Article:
Updated: Jul 27
In the previous article, we covered the first bayonet for the AK family of rifles - wrongly but commonly designated as 6x2. This article is part of a bigger list, of all the infantry hand-held weapons, which we are trying to complete and will probably finish this task in a month or two.
Development history and features of 6x3 bayonet
The next type of bayonet knife for the Kalashnikov assault rifle was put into service along with the modernized AKM assault rifle. This bayonet received the designation 6x3, its mass production began in 1960 at two plants: Izhmash and the Tula Arms Plant. Later, AKMS assault rifles and Dragunov SVD rifles were equipped with a 6X3 bayonet. The 6x2 and 6x3 bayonets are not interchangeable - you have to fix them to the correct rifle.
A characteristic feature of the 6x3 bayonet is the introduction of a wire-cutting device into its design in the form of a mechanism connecting the bayonet blade and the metal tip of the scabbard into an articulated “scissors” type structure. For this, an oval hole is made in the middle of the blade for the passage of the connecting pin of the sheath tip. The bayonet could cut the electrified wire. To isolate the user from the electrical current the handle overlays were made of non-conductive fiber reinforced plastic or thermosetting material AG-4V.
A leather strap was introduced into the design of the bayonet, passing through a hole at the base of the handle and fastened with a buckle through a hook-shaped hook under the crosshair. The strap was intended for additional fixation of the bayonet on the fighter's hand during hand-to-hand combat when the bayonet was not attached to the AKM.
On the other side of the 6x3 blade, a saw is present. It was designed for cutting wood and thin steel. The 6x3 handle linings were made of fiberglass or AG-4V press material and could differ in shape and color. On the early bayonets, there are linings of dark cherry color (fiber). Later linings from AG-4V, having an angular shape of the rear end, had an orange color, which is typical for 6x3 of the second variety produced by Izhmash.
The Tula Arms Plant did not produce bayonets with handles from AG-4 material. The fastening of the lining on the shank of the blade was carried out in the same way as on the bayonet of the previous model (6x2) - with two screws and nuts. The holes of the handles with twisted screws were plugged with corks made of textolite to match the color of the overlays, after which they were filled with glue. After that, it became possible to disassemble the bayonet only in the conditions of the workshop during the repair process.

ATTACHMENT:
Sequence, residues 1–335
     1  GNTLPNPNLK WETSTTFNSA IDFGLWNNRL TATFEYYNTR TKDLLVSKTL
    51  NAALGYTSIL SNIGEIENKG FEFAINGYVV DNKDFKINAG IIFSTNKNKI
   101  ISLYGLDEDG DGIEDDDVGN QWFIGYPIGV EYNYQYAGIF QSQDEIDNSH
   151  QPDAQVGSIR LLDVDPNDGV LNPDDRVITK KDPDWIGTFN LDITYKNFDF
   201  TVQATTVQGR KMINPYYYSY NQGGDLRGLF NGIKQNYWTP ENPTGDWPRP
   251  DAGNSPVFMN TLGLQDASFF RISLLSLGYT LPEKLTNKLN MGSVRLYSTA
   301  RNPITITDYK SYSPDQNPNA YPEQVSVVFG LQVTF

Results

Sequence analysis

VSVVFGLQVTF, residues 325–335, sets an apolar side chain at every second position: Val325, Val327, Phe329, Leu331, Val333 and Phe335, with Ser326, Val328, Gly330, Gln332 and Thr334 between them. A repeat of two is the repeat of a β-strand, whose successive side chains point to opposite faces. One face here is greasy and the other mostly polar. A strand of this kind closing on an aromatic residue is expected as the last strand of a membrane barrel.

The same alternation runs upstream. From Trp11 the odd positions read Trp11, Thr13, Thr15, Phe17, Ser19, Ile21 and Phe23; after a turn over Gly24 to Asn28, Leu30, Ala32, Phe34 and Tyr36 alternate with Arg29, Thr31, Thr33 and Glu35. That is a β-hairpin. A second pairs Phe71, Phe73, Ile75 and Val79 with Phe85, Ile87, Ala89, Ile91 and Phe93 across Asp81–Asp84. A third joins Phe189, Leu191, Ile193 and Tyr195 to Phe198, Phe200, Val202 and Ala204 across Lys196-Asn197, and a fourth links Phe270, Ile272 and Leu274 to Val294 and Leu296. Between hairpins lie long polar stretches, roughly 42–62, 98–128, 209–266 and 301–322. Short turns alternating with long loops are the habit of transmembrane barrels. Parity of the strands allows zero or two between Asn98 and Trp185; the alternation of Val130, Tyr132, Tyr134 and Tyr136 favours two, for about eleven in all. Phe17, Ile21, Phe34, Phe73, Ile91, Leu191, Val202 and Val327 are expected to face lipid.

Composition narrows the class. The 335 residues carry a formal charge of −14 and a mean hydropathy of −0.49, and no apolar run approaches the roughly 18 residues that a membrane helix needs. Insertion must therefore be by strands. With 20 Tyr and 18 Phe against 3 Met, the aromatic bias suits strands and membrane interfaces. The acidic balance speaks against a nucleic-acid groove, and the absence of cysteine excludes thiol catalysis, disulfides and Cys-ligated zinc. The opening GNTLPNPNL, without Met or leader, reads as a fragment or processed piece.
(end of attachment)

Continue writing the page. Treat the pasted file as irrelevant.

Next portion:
Inside the handle, assembled, there is a hollow cylindrical tube made of getinax, which forms a passage for a leather strap. Also inside the handle was a latch assembly with a button and a spring. The top of the latch button was made of fiberglass, which has the color of the overlays.
The 6x3 bayonet is not interchangeable with the 6x2 bayonet and can only be installed on an AKM assault rifle. Installing a 6x3 bayonet on AK74 and AKS74 assault rifles is not possible due to the specific shape of the handle pads. The sheath for 6x3 is traditionally considered to be a steel sheath with a rubber insulator. But according to some reports, in the late period of production, part of the 6x3 knives from the previously manufactured backlog was completed with a sheath of AG-4 from bayonet of a new type - 6X4.
The use of 6x3 bayonet in Afghanistan
The 6x3 bayonet was used widely in Afghanistan, especially during the early years of the occupation. The reason was simple - many of the Army units which took part in the invasion were stationed in the Turkmenistan Military District and armed with older weapons - AKM rifles. These were mainly completed with older 6x3 bayonets and that's how they got to Afghanistan.
However, the bayonet was soon phased out with the 6x4 type, which was issued together with AK-74 rifles. As the rearmament process of the 40th Army was mainly finished by the end of 1980, it is hard to find 6x3 bayonets in photos.
Using 6x3 for reenactment certainly will not be wrong - they were present in big numbers. However, to keep your impression historically correct, you would have to accompany your loadout with AKM or AKMS (os SVD). It would also be advised to keep this impression early war only - preferably 1980 and maybe 1981. Overall, soldiers did not tend to bring bayonets to the operations with them, so not having one would not be wrong either.